That every person is unique. I have three amazing sons and each is totally different. They each react differently to situations, and I’ve come to understand that they are right in their own way. But I also learned that from having seven brothers!

What’s your favorite movie?
The Breakfast Club.

What superpower would you love to have?
Healing.

What three things could you never live without?
My family, the ocean and entertaining—which means hosting my annual Christmas party.

But Lowe’s not only helping foster memories for other families—she’s also making many of her own, now that her husband and three sons work for the company. Her husband Gordon handles all the product importing, quality control and product specifications. Her oldest son, Tucker, does all of the computer designing and systems invoicing. Her second son, Taylor, is the company controller and large account compliance director and oversees the company’s computer systems and Internet development. And her third son, Cody, is in charge of inside sales, account development and customer service. “They’re a huge part of the business,” Lowe shares. “They’ve lived and breathed it from the beginning, from living in that little gift-wrapping booth to bagging plaster. They’ve done it all with me, right by my side. Sometimes it’s weird being a mom and a boss and a wife and a friend, but I wouldn’t change it. Even though I walk into work sometimes, and my boys ask, ‘Mom, did you bring toast?’”

What was the biggest challenge in the beginning?
In the first seven or eight years, the difficult part was trying to come up with new ideas, bring them to market and get them out there before others could copy the idea and flood the market. Being a small manufacturer is very, very difficult because you’re competing with people who have the relationships and resources to move products very quickly. If someone has the money to market and advertise one of your good ideas, they can succeed. That has been one of the biggest roadblocks for Child to Cherish, because our products are all unique, and we know when someone is copying us—but they’re experienced, and they’ve got money. Unfortunately, it sometimes takes a lawsuit to compete. We actually went to court once, to get the trade dress rights for our Block to Grow On, which we developed in 1998 and has probably earned us the most recognition. It’s essentially a baby book on a bank.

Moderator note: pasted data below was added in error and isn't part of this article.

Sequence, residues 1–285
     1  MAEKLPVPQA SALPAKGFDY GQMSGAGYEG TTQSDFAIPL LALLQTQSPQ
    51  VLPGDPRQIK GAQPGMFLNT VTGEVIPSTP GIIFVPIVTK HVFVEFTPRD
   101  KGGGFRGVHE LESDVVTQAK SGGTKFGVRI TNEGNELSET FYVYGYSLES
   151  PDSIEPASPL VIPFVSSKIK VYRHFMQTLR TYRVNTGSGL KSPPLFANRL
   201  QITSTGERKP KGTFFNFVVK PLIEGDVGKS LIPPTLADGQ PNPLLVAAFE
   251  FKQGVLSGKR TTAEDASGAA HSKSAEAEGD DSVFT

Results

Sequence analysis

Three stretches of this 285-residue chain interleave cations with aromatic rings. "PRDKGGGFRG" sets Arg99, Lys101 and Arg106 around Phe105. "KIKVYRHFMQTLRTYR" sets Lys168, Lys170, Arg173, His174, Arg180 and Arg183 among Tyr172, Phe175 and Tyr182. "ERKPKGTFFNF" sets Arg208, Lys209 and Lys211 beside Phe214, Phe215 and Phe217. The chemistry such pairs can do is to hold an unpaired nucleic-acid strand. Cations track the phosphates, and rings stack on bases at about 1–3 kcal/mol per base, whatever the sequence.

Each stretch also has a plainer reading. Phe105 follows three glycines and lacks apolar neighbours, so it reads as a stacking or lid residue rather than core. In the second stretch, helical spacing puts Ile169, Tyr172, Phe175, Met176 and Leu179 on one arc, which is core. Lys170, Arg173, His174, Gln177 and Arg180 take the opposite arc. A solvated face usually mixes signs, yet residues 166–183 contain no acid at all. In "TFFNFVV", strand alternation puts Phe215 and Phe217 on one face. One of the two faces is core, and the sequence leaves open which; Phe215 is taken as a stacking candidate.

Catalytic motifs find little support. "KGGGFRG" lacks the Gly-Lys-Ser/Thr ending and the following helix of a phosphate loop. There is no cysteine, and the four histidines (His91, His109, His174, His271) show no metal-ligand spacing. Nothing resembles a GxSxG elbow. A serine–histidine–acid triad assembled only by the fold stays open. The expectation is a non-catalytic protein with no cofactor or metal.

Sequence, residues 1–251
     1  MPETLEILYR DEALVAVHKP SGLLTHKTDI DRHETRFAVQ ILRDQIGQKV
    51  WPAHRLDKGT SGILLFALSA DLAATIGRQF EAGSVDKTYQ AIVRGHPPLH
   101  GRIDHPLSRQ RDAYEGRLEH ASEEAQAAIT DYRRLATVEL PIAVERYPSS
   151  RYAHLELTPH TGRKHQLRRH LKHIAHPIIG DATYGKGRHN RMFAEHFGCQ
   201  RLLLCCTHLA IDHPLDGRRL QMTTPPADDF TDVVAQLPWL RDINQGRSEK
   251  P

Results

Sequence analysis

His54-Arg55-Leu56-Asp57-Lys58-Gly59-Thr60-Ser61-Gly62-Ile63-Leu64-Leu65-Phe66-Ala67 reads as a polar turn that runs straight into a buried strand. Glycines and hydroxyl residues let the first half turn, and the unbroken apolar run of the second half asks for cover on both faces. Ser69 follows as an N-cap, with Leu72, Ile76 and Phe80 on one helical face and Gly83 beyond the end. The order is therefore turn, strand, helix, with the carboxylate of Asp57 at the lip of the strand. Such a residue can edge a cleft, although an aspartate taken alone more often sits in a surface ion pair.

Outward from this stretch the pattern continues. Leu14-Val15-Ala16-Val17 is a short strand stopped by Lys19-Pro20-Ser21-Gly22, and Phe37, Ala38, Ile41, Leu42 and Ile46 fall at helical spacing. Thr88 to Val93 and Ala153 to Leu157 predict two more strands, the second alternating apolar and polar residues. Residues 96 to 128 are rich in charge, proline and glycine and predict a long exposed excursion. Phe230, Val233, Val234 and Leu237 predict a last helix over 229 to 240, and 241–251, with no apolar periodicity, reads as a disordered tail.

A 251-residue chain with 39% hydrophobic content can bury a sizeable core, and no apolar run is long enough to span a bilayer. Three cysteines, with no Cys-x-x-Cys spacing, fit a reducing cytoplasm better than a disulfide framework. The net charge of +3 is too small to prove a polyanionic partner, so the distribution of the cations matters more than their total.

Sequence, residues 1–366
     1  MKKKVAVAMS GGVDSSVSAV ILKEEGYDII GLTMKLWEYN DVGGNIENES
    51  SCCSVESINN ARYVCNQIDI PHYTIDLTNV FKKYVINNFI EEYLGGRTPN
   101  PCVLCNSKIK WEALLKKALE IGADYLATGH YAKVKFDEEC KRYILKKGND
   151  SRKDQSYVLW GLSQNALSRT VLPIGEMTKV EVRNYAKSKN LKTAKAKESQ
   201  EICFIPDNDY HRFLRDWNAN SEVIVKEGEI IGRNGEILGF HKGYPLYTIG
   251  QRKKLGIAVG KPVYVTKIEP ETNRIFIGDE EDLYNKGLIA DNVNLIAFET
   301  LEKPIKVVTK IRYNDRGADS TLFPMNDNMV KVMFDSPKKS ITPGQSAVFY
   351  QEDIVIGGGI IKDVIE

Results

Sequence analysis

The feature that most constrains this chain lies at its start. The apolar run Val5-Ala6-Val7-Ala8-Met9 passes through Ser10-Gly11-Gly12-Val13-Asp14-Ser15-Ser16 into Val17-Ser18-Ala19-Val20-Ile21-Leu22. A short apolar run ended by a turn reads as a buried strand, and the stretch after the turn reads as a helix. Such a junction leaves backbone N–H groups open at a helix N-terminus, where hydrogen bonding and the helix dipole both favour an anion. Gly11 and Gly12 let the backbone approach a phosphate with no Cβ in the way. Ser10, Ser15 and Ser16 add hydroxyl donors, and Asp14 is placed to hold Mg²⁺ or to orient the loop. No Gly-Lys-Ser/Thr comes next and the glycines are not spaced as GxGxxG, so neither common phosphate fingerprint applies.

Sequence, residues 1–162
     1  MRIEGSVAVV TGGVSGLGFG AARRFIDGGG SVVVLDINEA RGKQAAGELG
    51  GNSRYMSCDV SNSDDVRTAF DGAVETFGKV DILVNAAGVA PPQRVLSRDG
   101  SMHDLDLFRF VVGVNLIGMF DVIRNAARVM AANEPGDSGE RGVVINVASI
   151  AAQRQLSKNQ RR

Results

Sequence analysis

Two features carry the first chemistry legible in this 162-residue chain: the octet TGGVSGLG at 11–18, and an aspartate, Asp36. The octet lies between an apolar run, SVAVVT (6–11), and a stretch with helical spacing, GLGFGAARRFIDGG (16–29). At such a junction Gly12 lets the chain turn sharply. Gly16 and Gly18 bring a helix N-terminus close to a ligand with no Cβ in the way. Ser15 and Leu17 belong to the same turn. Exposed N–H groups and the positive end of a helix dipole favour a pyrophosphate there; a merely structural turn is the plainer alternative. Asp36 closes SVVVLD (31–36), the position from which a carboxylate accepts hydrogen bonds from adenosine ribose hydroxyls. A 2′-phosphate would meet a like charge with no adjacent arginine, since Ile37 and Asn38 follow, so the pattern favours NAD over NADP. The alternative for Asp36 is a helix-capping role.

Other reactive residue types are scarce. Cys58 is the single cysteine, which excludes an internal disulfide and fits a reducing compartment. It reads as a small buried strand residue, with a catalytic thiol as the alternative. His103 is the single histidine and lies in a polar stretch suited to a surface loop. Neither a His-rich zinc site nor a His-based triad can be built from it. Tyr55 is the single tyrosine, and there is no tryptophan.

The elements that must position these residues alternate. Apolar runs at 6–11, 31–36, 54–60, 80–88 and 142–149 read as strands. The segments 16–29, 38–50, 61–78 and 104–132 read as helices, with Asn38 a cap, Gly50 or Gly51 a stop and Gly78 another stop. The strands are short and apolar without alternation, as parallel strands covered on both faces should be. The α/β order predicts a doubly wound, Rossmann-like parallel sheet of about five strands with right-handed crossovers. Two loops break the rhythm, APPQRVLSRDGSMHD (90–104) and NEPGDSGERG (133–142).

What happened with the case?
A few big companies had created their own Block to Grow On. We challenged them in court and we won the suit, and the jury awarded us $3.2 million. But—and this is a big but—it cost us $1.2 million to fight it, and the judge brought the award down to $600,000.

How frustrating. So in the end, fending off copycats cost you money.
It was really disturbing, and even the jury couldn’t believe what happened. But the good thing about it was we protected ourselves. Now nobody can make a block bank with milestones on it. Luckily that year we happened to have huge orders from Pottery Barn, and every nickel of those sales went toward the lawsuit. If I hadn’t had that business, we could have gone under. But now that we’ve created a name for ourselves and we’ve fought that battle, people are much more reluctant to copy us. So it was worth the money, I’ll put it that way.

Yet I bet you still have imitators.
Yes I do. One of the products I created right after the handprint kit was the handprint ornament. You’ve probably seen that everywhere, but that’s something I created. It’s really frustrating when you’re doing trade shows and a retailer says, “Oh, no, I already have that.” I’ve never been the type of person to say, “Well, wait a minute, I’m the one who created it.” I don’t ever want to put a customer on the spot like that. I don’t want them feeling uncomfortable. Now I just try to make things better, instead of sitting around while someone copies me. For example, I came up with a few different versions of the handprint ornament, including one with glitter, called Snowprints, and it’s taken off three times as much as the original Handprint. I have a wealth of things in my head we’re trying to get patented. That’s where my brain goes. It’s constantly trying to think of new ideas.

Do you think that’s helped you remain competitive?
Absolutely. It’s been a struggle to stay in business in this climate, and the only thing that has helped is offering something unique. I built Child to Cherish into a big multi-million dollar business, but it’s been long and tedious. And thankfully, the keepsake market has really grown over the years, and continues to grow. A lot of department stores are focusing on keepsakes right now. There really weren’t a lot of keepsakes on the market before Child to Cherish, with the exception of Bibles, silver spoons and baby books. And keepsakes aren’t something you just throw away. Everything we sell has a memory attached to it, and I think that’s why we’ve stayed strong.

What’s the biggest lesson you’ve learned over the years?
I’ve learned that simpler is better. I’m proud to work with Pottery Barn Kids. Their look is such a great look, because it’s so simple. I’ve been doing business with them for 12 years, and they have really taught me a lot. I often work with them to hash out new ideas, and they’re not just going to throw some bunny on a block or a piggy bank. Sometimes I will bring them artwork that I think is amazing, and they will look at it and say, “Take that off and tone down this.” And it works. Your audience is much smaller when you do too much with too many characters. They’ve taught me to really perfect things.